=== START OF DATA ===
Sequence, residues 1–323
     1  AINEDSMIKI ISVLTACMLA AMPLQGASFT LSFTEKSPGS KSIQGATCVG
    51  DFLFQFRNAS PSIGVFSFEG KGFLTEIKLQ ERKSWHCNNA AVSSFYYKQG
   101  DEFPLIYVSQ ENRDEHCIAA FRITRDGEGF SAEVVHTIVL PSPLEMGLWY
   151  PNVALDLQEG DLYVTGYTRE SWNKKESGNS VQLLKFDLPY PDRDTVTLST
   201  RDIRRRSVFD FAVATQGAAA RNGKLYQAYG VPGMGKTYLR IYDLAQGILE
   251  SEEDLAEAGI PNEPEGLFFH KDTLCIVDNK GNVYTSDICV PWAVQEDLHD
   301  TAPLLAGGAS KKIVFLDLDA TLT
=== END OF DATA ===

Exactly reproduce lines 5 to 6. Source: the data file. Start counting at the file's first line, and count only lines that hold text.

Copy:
   151  PNVALDLQEG DLYVTGYTRE SWNKKESGNS VQLLKFDLPY PDRDTVTLST
   201  RDIRRRSVFD FAVATQGAAA RNGKLYQAYG VPGMGKTYLR IYDLAQGILE